Please keep prefetching

Liz is the latest to write on the dangers of prefetching. Basically, if you use a prefetch capable browser (like Firefox), it grabs specified links and caches them so that when you click on them the download appears instant. It utilizes the time you spend on each page to speed up the time it takes to get to the next page. Although it trades bandwidth for convenience, it is, to my mind, a “good thing.”

Google has started specifying links for prefetching on their results, and people are upset that their browsers may be downloading things they are uninterested in. Liz, following on Cameo Wood’s posting, suggests that this messes with server logs and makes it look to the owners (and to your company, if they are monitoring you) like you have been where you have not been.

And this is a bad thing?

At least in the latter case, it means that I now have complete plausible deniability. “That ‘XXX Hedgehog Love’ site? No, no, it was just prefetched.” Of course, whoever was monitoring my surfing would find such a claim indefensible if not for the fact that 80% of the company’s employees are prefetching.

So, I encourage you to keep the default pre-caching *on*. Not only will it make your surfing experience more effective and enjoyable, you are acting as a shield for those of us who are visiting nefarious sites on the sly.

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6 Comments

  1. Posted 4/4/2005 at 3:44 pm | Permalink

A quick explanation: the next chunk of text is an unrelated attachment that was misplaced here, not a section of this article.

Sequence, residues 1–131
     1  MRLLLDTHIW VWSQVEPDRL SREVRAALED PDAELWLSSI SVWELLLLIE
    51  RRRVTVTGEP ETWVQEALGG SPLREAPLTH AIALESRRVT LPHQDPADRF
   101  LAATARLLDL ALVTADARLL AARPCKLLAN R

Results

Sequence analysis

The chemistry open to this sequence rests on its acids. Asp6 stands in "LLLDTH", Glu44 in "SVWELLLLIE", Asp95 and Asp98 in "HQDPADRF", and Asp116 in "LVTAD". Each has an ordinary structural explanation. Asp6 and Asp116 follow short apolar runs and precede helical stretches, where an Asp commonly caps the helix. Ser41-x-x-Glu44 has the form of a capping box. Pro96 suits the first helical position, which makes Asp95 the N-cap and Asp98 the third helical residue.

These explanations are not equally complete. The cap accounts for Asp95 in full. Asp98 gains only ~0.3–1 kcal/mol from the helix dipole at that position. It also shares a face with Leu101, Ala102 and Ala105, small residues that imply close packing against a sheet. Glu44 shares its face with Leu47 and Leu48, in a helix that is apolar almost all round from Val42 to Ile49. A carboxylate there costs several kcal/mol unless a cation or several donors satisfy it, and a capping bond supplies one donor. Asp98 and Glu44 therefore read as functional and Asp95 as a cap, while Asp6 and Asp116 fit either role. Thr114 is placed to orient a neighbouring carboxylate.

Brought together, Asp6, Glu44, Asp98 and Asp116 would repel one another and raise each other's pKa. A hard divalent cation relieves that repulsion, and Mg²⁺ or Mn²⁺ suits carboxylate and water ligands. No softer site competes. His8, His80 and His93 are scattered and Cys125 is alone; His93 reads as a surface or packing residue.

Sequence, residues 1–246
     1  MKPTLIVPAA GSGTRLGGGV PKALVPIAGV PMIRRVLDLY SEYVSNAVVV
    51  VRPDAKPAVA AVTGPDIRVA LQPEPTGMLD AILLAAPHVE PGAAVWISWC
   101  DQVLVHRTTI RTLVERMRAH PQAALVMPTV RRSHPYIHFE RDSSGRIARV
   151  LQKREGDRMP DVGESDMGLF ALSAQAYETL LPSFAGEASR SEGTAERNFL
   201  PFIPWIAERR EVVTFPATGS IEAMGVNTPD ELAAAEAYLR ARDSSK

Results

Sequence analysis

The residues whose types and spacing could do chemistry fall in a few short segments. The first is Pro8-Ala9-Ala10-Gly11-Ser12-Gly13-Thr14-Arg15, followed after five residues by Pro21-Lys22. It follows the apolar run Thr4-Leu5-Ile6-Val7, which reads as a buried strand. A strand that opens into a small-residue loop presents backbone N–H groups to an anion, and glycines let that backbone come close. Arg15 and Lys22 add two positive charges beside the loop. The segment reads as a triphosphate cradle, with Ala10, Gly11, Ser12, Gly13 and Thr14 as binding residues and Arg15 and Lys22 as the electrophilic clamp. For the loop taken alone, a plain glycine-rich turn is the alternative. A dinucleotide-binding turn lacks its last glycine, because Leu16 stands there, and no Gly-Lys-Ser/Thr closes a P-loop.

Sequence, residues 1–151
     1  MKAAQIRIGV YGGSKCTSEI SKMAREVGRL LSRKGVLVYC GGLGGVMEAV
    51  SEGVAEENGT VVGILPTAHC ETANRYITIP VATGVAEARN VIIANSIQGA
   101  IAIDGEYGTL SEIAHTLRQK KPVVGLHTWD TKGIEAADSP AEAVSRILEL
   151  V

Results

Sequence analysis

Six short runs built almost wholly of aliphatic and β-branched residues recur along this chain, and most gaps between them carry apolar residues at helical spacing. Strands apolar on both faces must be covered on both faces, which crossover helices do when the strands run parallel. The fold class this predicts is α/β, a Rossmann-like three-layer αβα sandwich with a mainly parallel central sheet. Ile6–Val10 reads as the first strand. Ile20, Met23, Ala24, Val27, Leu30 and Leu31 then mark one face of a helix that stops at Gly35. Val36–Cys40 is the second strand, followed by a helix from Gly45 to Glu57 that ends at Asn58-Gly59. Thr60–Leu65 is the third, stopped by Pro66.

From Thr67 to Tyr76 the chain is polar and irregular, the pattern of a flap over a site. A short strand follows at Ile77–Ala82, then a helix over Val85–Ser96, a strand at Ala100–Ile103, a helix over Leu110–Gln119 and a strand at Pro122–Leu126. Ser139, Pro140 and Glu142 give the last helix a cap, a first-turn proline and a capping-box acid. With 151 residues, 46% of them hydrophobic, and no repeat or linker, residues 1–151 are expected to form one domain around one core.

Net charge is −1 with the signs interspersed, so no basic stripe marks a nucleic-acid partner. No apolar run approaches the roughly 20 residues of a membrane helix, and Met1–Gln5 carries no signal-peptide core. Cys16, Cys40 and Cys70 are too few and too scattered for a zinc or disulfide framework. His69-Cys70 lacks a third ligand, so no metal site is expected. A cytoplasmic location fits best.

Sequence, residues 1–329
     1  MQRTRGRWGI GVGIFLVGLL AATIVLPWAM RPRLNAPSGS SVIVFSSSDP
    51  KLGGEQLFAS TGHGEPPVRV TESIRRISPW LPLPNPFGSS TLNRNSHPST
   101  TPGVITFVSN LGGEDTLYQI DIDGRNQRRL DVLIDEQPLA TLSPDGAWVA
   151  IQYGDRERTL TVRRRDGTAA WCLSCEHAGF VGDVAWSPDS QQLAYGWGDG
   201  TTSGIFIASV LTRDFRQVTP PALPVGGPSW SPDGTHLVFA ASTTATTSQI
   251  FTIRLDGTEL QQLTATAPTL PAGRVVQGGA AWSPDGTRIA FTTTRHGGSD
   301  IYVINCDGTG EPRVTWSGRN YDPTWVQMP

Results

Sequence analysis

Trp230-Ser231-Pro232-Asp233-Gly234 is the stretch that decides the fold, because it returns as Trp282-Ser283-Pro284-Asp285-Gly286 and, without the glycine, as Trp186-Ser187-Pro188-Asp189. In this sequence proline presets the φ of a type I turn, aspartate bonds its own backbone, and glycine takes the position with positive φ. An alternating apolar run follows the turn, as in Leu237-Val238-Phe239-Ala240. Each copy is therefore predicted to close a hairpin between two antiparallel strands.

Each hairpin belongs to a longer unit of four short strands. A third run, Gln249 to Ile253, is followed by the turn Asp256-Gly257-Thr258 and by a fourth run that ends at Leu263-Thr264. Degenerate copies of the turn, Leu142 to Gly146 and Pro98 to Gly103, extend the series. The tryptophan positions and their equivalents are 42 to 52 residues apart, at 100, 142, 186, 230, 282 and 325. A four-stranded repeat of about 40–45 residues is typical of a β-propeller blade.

Joi Ito noticed this too… I found it there just moments ago. I like your angle on it though… sweet.

  2. Posted 4/4/2005 at 11:42 pm | Permalink

    As someone who pays for bandwidth, I say this is a terrible idea.

  3. Posted 4/5/2005 at 10:02 am | Permalink

    Everyone pays for bandwidth. I definitely see where this is an issue for those who pay a *lot* for bandwidth (e.g., in lesser-developed countries). But my guess is that anyone that shows up as a first hit on Google can afford an extra number of page loads. For folks who are blogging, this will be inconsequential when compared to the bandwidth (and processing) eaten up by spammers.

    On the other hand, it does put an interesting spin on a form of DOS. If one wanted to bring down a site, as a group, it would be possible to create an invisible flash mob merely by collectively putting up prefetched links to them.

    So, if, as a group we wanted to bring down an al Qaeda site (this example will, I hope, keep the FBI from my front door), we would all just link to it, and include the prefetch rel. Killing them with kindness.

  4. Posted 4/11/2005 at 12:52 pm | Permalink

    Which is to say, prefetching is a form of DOS.

  5. Posted 4/11/2005 at 12:53 pm | Permalink

    Or rather, can be.

    With all the effort that’s put forth by web authors to optimize JPEGs (30 quality, not 60!) and code (tables are soooo bad!), I really can’t support something like this.

  6. Alex
    Posted 4/11/2005 at 1:03 pm | Permalink

    I guess it is in the same way that (e.g.) flash mobs are. In other words, I suppose intentionality has something to do with a dDOS.

    I was under the impression that most most web authors optimize their sites not to save themselves on bandwidth charges, but to improve the end user’s experience. (Note that I wouldn’t have any way of knowing — this page is something like a 1 Mb download and isn’t even valid HTML.)

    If that’s the case, then most of those who spend lots of time making sure their site is fast-loading would, I assume, support a technology that allows their site to be instant loading.

    The ideal surfing situation lets me flip through websites like I flip through pages in a book, with each page popping up instantly.

    More proximally, I suppose google could promote a kind of “crawl me but don’t pre-fetch me” meta-tag.

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